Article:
- What are the major components?
- React Front End, Vault security key storage, API multiplexer, Express routing server.
- What are the unanswered questions?
- How does frontend filtering work for content? Does this really work to filter content?
- How does the UX work when thousands of content pieces return?
- How do we add analytics to improve the search results?
Our hackathon’s team outcome was that we learned to work with each other much better, intensely with 43 pull requests. The 4 people have a better sense of ownership and understanding of the technical and product vision. The team is much more excited to move forward with the next steps.
What we need to solve?
- How much to plan
- How to replicate the energy we had during the Hackathon
- How do we allocate more time for intense working
As software engineers, our job is to create useful services for other humans or other services that depend on our services.
In the idealized world, we write software, deploy, and move on.
In the real world, we have to think about
- Writing software
- Debugging our own software for bugs
- Testing it locally for the change, but also for any dependencies
- Writing test code to validate our change (this sometimes is bigger than then change we made)
- Submitting it for review and address the feedback from other engineers, much like writers and editors
- Deploying it to a test and staging environment to show others
- Deploying it to a canary environment to a small set of customers to exercise it, watching metrics to ensure our software worked as expected. Working with the System Reliability Engineers, make sure the impact to customers is as expected.
- Writing monitoring for our software change
- Being on call to support our change and changes made to other engineers on our team and beyond our team.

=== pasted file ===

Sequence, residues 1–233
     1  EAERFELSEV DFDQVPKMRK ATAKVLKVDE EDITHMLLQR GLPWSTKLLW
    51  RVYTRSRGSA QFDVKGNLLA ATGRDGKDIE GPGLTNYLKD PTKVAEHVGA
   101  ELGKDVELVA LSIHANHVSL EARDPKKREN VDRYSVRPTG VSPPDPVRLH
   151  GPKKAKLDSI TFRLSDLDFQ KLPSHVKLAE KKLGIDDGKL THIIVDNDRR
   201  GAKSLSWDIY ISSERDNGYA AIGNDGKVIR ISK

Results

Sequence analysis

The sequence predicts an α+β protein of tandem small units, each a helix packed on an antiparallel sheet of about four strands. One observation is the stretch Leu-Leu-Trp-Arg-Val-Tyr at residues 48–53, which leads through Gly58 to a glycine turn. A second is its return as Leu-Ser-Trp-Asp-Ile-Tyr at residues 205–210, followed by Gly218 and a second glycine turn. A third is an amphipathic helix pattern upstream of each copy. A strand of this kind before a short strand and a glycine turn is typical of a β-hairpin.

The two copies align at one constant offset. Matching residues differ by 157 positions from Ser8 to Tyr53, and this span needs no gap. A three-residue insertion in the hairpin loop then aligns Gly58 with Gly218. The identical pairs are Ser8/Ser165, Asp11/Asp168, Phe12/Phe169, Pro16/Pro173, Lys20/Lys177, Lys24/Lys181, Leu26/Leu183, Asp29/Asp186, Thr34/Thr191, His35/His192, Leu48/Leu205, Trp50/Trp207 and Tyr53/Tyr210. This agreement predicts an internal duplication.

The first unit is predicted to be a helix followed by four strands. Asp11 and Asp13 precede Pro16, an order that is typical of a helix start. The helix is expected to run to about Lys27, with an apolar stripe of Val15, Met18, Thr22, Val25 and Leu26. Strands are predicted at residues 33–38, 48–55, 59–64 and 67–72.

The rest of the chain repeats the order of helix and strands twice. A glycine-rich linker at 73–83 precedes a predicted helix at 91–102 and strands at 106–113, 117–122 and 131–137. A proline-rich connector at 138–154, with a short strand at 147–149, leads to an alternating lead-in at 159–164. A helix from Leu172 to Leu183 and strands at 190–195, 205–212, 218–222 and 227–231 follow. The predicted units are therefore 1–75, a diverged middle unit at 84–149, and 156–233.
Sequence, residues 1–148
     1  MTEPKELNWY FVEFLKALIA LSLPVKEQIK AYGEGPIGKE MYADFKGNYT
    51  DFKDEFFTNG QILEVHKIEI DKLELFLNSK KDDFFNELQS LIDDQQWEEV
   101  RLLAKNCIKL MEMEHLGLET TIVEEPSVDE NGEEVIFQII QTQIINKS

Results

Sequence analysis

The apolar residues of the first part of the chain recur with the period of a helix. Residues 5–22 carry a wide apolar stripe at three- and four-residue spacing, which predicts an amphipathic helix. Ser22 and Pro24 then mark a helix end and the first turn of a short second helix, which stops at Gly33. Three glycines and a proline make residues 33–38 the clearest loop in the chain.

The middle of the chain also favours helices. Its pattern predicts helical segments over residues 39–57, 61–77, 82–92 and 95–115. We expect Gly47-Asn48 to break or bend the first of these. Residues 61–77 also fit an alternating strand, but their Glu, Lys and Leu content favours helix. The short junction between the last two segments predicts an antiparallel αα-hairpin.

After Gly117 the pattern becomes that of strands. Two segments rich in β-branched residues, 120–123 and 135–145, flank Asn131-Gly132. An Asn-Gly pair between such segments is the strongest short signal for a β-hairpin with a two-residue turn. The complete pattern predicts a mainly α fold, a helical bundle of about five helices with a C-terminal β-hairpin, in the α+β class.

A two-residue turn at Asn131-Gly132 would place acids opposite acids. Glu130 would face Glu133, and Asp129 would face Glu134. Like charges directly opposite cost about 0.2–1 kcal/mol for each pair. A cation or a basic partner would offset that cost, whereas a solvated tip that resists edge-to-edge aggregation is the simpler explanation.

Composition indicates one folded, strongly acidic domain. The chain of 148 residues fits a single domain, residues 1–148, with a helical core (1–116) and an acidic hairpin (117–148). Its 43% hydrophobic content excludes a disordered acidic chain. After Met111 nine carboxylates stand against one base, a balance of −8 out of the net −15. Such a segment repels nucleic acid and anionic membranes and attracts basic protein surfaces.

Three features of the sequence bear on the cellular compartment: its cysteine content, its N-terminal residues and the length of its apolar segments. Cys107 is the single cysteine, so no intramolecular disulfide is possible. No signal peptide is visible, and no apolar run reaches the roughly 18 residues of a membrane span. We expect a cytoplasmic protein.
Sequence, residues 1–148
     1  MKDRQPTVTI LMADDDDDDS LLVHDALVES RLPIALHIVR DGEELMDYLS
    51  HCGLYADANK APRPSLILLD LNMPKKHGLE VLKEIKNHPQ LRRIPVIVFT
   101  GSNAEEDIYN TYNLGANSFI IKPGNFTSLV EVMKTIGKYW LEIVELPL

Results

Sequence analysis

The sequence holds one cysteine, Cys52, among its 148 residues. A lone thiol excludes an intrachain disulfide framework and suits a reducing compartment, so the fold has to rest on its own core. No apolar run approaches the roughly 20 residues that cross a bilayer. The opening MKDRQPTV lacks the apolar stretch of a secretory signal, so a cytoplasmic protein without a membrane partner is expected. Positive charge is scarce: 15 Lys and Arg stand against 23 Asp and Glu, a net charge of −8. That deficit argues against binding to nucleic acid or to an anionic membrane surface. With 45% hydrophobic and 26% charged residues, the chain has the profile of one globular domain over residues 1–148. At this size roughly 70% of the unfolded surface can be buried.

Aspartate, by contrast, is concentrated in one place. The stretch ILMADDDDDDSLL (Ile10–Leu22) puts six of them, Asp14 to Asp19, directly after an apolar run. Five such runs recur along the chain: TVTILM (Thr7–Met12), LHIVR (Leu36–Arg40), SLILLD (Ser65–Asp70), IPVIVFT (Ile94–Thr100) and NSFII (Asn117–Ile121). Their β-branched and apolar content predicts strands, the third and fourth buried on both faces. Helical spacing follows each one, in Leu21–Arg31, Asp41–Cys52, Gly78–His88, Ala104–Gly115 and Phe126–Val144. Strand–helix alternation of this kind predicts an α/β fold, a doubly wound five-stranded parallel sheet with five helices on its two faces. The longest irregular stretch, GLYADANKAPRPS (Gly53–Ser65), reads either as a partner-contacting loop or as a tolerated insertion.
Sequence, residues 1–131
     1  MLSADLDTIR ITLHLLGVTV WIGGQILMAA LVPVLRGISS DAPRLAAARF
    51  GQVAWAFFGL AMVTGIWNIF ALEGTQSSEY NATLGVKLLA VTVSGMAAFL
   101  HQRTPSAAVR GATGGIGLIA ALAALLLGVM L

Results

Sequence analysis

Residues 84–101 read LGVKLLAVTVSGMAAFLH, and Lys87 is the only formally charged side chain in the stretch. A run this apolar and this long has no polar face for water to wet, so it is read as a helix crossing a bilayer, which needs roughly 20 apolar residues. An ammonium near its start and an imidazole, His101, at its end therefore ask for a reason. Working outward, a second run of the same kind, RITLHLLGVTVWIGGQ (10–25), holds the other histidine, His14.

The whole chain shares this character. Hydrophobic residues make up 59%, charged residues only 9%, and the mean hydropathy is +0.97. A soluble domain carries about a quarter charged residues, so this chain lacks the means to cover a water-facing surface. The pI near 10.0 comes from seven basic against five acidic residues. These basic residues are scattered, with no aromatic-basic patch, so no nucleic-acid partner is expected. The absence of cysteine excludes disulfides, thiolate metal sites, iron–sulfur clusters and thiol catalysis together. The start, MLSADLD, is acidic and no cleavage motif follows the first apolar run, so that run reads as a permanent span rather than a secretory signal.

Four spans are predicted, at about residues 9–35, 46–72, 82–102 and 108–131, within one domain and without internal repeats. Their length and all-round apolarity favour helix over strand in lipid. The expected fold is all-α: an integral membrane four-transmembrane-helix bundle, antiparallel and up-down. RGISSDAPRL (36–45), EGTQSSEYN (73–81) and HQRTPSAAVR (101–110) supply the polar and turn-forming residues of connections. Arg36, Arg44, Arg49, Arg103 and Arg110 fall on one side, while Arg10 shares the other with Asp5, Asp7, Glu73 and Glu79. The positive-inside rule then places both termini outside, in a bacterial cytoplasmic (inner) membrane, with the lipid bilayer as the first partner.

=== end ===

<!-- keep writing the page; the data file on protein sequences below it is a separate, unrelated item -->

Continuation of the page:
- Deploying our changes to the production environment where live customers can interact with it.
- Collecting feedback and creating and managing a backlog for future changes.
- As the systems grow larger, the original code that we wrote may be considered a legacy of technical debt as the environment changes. There could be security, scale, coverage concerns that need to be addressed.
This is the world of a software engineer beyond just writing code. As an engineer writes more code, they have more ‘legacy’ to support. For an engineer to be effective, what they create needs to be continually groomed and tend to. How they enable others to help is an important factor to help them scale. How they enable their future self to look at code they had written 1-2 years ago can be done through rigorous automated testing and up to date document and knowledge sharing.
As a developer, why test manually when you can have the machine do it for you for UI testing?
Check out Saucelabs.com and Sauce Connect here
At work when I am interviewing for candidates to join my team for Engineering Productivity, I look for certain attributes.
Having an opinion based on authority and experience
I am looking for someone with one or two areas of deep expertise. Also you should have a strong opinion but here is the kicker, you need to be willing to listen to another opinion. Diversity of opinion, recognizing that there is another perspective and be willing to listen.
Be able to talk about a topic and deep dive.
When answering a question, I will continue to push you to explain or expand deeper. I want to discover how deep you know a subject matter.
Know how to communicate which means listening
I will let you talk and respond for as long as you want, in the meantime I am looking for how long you talk non stop before checking in and see if you have answered my questions. Part of communication is listening.
Each Of Us Has A Part of The Solution, Together We Have The Whole!
Splunk is a company of thousands of talented individuals, distributed across product development offices in 8 offices in the U.S., AUNZ, Europe, and Asia.
How do we do our best work collectively and continue to push innovation while expanding at hypergrowth rate? How do we overcome the boundaries of timezone, physical location, and organization rigidity in order to create the most innovative products and solutions for our customers?
After working on Engineering Productivity at Splunk for the last 3 years, I struggled to understand WHY I chose which projects I devote time and attention to. There was a common thread, there was something there to the madness.